[rax] syntax tells nasm to generate the
cmp opcode for which the
first operand is an address in memory;
cmp will fetch the thing at
that address first before doing the comparison. (I'm not sure if this
occupies another register or what. The manual doesn't say!) The
command says that the comparison is on a byte-by-byte basis, so that's a
different opcode, but I suspect nasm makes it easy to remember which
is which with mnemonics. You don't need to know different ASM commands
for "compare two registers," "compare a memory location with a
register," and "compare a memory location with a constant," because
nasm's syntax makes it easy to understand those operations.
What I do know is that the one thing you can't do is compare two
memory locations directly.
cmp works with two registers, or a
register and a memory location, or a register and a constant, but no
Lesson 4: Subroutines
Lesson four introduces two new pairs of instructions:
ret. The first two push values onto the stack and
then pop them off. The latter two call a subroutine and then return
call pushes the address of the next instruction onto the
ret pops it off and sets the IPR (Instruction Pointer
Register) to the calling routine.
In these examples, I think I've engaged in what is known as callee
cleanup, which means that the subroutine has the responsibility for
restoring the registers after using them. Then again, I may be
hopelessly confused. Hopefully, future lessons will clear up the
cdecl() and other assembly conventions.
As is clear in
and in the comments itself, I've hopelessly abused convention by storing
the results in the EDX and RDX registers, rather than EAX as is the
convention. On the one hand this is definitely unstylish ASM, on the
other hand it's something one can do in hand-written ASM, saving exactly
one cycle (register copies are cheap, people) on my computer that
lshw) executes approximately 2,870,000 instructions per
Lesson 5: Includes
Lesson 5 takes the functions we wrote in Lesson 4 and moves them into their own file, so that they can be called multiple time. This means that the "register abuse" I engaged in in Lesson 4 has to be backed out; I have to be "good" and use the registers as recommended by the textbooks, because now they'll have multiple users and the conventions must be honored in that case.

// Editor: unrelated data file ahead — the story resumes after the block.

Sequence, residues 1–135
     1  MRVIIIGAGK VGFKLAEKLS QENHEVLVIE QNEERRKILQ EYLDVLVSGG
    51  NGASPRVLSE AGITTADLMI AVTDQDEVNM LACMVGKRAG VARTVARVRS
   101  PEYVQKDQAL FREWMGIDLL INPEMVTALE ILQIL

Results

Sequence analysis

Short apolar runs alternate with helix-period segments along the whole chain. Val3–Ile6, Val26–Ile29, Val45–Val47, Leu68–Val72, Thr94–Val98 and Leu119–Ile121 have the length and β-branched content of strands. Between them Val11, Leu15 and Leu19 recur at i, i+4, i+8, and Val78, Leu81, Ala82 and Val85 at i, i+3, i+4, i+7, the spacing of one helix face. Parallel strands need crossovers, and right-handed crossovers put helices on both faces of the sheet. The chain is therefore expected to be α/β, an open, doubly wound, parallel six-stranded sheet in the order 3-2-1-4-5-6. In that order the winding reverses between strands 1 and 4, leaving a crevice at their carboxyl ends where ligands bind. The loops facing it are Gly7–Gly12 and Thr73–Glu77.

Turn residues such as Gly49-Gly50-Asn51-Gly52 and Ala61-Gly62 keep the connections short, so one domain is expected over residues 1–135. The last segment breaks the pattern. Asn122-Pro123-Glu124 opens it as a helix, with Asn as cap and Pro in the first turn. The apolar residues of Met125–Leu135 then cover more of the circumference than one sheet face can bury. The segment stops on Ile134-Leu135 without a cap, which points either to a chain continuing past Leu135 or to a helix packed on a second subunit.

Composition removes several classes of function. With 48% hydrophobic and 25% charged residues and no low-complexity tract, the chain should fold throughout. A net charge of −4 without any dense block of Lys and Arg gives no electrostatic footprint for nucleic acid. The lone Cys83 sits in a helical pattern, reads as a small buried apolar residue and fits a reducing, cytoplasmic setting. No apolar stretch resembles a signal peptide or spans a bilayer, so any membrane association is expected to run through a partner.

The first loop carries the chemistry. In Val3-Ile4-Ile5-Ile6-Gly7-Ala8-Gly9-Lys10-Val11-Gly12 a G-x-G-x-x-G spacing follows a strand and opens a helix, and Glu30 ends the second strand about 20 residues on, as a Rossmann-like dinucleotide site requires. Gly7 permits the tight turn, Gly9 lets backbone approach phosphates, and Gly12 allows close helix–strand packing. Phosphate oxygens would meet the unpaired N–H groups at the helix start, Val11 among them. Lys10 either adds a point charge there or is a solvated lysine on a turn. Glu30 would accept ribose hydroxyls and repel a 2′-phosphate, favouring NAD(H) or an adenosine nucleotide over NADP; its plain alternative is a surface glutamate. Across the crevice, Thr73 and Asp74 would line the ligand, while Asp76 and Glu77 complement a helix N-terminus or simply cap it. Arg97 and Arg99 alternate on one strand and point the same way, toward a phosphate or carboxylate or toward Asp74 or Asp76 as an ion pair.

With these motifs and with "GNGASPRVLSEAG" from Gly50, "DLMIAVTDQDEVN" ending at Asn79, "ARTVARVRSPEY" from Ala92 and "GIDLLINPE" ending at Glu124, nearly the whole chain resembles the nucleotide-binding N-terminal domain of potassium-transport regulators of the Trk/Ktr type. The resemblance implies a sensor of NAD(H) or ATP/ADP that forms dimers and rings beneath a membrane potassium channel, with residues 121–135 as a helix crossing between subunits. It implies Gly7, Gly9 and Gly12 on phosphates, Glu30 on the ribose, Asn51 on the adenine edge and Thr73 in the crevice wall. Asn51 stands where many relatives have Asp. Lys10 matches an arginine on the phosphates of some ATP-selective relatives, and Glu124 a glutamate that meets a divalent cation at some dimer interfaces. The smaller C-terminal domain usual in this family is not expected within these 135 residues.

Lesson 7 & 8: Print-with-linefeed and Argv
Lesson 6 is virtually indistinguishable from Lessons 5 and 7; it's a
tiny jump to using null instead of LF as our terminator, and I was
already doing that. Lesson 7 creates a wrapper around
automatically appends a line-feed to the end of your null-terminated
This leads into lesson 8, in which the environment provides a new chunk of memory containing the strings with which the program was initialized, and pointers to those strings are placed on the stack. The first value on the stack is the number of pointers.
With the "add a line feed" wrapper, the original text has you putting your line-feed string data into the stack, but I cheaped out and made my line-feed a two-byte (LF + NULL) constant and referred to it by address instead.
One thing I did learn here? When I ported it to X86_64, it broke
badly. It turns out that
int 80h, clobbers the
rcx. And since that's what we were using in the
32-bit version as our argv counter, I preserved that semantic in the
64-bit version, which also means I had to modify
putslf() to push
rcx onto the stack and pop it off afterward.
Sidebar: A bug!
Early on in Lesson 4, I spotted and fixed a bug where I had one too many
pops off the stack (see
but what perplexed me is how the system didn't crash with a stack
underflow. Now I know why: the stack had two values on it already: the
counter, and the pointer to the program name, which is always
Kinda cool to realize that now.
More to come... maybe
Yours truly! Elf M. Sternberg email@example.com.
Daniel Givney does not specify a license for his code, but it is his
copyright. I did type in, modify, and write these examples on my own (I
find that I only learn things in my brain if they go through my
fingers, so I rarely cut-and-paste anything), and unless Daniel has a
complaint, I'm tagging my code with the MIT License. See the
LICENSE.txt file for the full details.
- Daniel Givney, of course.
- The NASM Documentation is very well-written!
- Nayuki has added much to my understanding
- David Evans helped with my understanding of syntax and register use.
- Ray Toal's notes on NASM are also useful.
¹ I firmly believe that no command, typed blindy, should modify the
contents of your hard drive.
Make takes target arguments, and you
should specify the targets you want built. So
make by itself only